How I Helped My Baby Sleep Without a Sleep Method

by | Apr 22, 2020 | Developmental Stages, Parenting

Did you find this blog because you Googled, “How do I get my baby to sleep through the night?” Well then, my friend, soak in this moment of knowing… this is NOT your magic bullet to deep nourishing sleep. At Connected Families, we don’t believe in quick fixes. We believe in lasting change. We believe in seeking the Holy Spirit, and the hard work that brings rich connection between parent and child.

If you have been following our work for a while, you are familiar with the Connected Families Framework. Over the last two years, while working behind the scenes, I couldn’t help but memorize and internalize these four levels of parent/child connection. I assumed it would come in handy in my parenting journey, but I was not expecting to apply it so early!

I’m a first-time, millennial mama. I grew up learning about grace, but I also grew up with 15 years of classical ballet, an INFJ on the Myers Briggs, and high anxiety. Tada! My motherhood is the potential recipe for neurotic high goals, extreme discipline, dramatic shame, rigid technique, and a confetti of horrific false prophecies for my family. The first four months of postpartum were brutal for me.

I had heard, “Don’t worry. At six weeks, babies kind of normalize.” What kind of unicorn babies were those? I mentally drop kicked countless perky profile pictures in anger after reading, “Two months old and our baby is sleeping through the night!” Thanks, social media.

When my son Harvey was four months old, my husband Max gently asked me why I responded so urgently if Harvey woke up after a short sleep. I said through tears, “I have worked so [profanity here] hard to get him to sleep. If I don’t soothe him instantly, he fully wakes up, and all my efforts were completely worthless.” Max wasn’t concerned by what I had said, but by the pointed bitterness with which I said it. We knew I was not in a healthy place. 

I believed Google was my ally. I googled in the afternoon while Harvey cried at naps, and in the middle of the night by the white blue glow of my phone. Loads of mommy bloggers sell a sleep method, and my literal brain believed there was one for us — 1,2,3 SLEEP!

We tried all the things. We let him cry it out. We set up a sleepy environment. We laid him in the crib awake. We laid him in the crib asleep. But Harvey was just being his Harvey self and didn’t know I had an agenda.

In the midst of this season of Google searches, I had a vivid dream. I was living in medieval times, and I was working with a grimey, bearded alchemist to design a sleep potion for Harvey. When Harvey woke me up from the dream at 3 a.m., I felt so empty. I nursed and rocked him in the dark, and God brought thoughts before me. He reminded me of a king in the Bible who sought magic, and how it only brought him confusion and destruction.

I was convicted that Google is often my magic. I realized my generation has few things left that will drive us to seek God. Child rearing is one of them because there is no instant answer. God asked me to stop exhausting myself with Google, to ask for His wisdom, and to get to know this child He has crafted as one of a kind. There is nothing wrong with using my resources to find some help, but honest conversations with my Creator need to be my first go-to.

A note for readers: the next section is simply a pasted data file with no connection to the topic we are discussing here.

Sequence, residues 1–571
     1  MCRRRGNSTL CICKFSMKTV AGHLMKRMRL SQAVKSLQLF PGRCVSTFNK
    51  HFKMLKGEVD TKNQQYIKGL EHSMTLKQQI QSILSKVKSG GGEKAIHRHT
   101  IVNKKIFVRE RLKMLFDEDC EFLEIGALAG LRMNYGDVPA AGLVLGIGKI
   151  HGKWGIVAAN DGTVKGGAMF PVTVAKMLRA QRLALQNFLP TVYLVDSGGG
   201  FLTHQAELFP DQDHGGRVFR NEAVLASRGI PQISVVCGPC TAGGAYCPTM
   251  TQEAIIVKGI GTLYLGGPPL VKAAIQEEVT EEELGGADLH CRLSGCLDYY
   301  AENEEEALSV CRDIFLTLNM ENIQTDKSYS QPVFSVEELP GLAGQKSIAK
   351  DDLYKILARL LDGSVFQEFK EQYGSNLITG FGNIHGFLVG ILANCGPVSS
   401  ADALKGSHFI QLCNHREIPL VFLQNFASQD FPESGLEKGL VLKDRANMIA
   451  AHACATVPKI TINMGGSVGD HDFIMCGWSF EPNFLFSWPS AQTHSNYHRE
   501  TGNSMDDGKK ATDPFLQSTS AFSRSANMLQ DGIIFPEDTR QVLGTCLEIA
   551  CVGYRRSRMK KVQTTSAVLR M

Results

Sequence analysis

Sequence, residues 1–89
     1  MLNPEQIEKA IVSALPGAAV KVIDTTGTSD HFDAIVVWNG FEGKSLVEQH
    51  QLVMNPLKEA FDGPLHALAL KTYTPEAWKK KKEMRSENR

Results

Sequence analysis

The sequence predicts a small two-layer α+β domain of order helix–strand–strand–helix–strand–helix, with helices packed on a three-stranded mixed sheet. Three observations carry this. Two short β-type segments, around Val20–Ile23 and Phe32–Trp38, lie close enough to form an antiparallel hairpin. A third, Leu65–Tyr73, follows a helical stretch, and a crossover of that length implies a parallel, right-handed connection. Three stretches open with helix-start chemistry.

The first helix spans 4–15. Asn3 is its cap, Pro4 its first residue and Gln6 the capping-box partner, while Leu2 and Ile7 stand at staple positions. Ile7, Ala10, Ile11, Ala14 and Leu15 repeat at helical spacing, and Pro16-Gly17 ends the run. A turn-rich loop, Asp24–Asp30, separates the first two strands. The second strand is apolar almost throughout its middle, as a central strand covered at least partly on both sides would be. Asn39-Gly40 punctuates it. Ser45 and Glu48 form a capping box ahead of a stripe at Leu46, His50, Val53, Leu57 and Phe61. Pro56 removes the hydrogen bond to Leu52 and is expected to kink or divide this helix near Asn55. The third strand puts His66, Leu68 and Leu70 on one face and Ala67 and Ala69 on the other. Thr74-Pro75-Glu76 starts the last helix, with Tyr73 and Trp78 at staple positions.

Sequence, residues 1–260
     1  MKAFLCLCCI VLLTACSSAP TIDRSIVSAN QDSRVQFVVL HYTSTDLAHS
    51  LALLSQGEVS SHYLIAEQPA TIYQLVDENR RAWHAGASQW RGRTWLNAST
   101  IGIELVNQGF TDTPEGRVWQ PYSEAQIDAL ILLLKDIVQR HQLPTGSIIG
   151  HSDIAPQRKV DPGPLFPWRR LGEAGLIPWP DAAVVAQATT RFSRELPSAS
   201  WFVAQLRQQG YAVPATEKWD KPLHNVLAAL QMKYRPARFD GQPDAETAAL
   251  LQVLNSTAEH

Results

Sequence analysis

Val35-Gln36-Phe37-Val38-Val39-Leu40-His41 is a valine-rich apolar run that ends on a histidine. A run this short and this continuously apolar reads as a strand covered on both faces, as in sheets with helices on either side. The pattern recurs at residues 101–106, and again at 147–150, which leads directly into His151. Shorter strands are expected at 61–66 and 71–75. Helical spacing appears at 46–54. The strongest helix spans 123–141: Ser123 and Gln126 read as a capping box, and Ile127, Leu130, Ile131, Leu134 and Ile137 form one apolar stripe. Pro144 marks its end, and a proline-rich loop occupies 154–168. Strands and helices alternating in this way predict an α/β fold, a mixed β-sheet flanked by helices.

Moving forward with prayer, God reminded me of the Four Messages in the Connected Families Framework. With these messages, I am comforted. I feel free to connect with my son instead of becoming resentful, and I hear God’s heart for me as a mom.

During any given 24 hours of parenting, I mentally walk myself through some aspect of the framework:

You are safe with me.

Harvey is safe to show his emotions to me. I can find ways to creatively or practically communicate to him that his bed and bedroom are safe, and that sleep is safe. I can show him that he is safe in the way I respond to his cries. As I enter and leave his room with true peace and relaxed body language, his spirit clearly senses the difference as he calms more quickly. 

You are loved no matter what.

Even when Harvey doesn’t fall asleep, it doesn’t change my love for him. As I continue to guide him, we can connect and forgive one another for not understanding what the other person is trying to do.

You are called and capable.

The Lord has programmed Harvey to know how to sleep someday. He is capable of learning. This will happen. In the right timing, it will happen.

You are responsible.

I can’t control what Harvey is feeling or how quickly he falls asleep. Only Harvey can figure this out.

As I write this, Harvey is a fresh seven months and, although this approach has helped him fall asleep more peacefully, sleep longer stretches, and wake up happier, he still does not sleep through the night. But we have made some sweet memories. If I hadn’t learned to cue in to him, I probably wouldn’t know that Harvey feels safer sleeping on his stomach, that he likes his back scratched for a couple of minutes, or that he likes to hold my finger for security while he falls asleep. I wouldn’t have the memories of his head in the crook of my left elbow, his gaze watching my shape in the darkness talk to God with him while his body relaxes to the sway of the rocking chair.

As I pray these new mother prayers, God is lovingly guiding me to see that I am also safe with Him. He loves me if Harvey sleeps for 10 minutes, or 10 hours (no, that has never happened). He has made me called and capable as Harvey’s mom. He trusts me to be as responsible I can, and does not expect perfection.

With these truths, I can leave behind my feelings of paranoia and shame, moving forward as a peaceful and confident parent. Even while parenting an infant, I’m establishing the beliefs and habits that will equip me for a connected relationship with my growing son.

Used with permission. Originally published at connectedfamilies.org.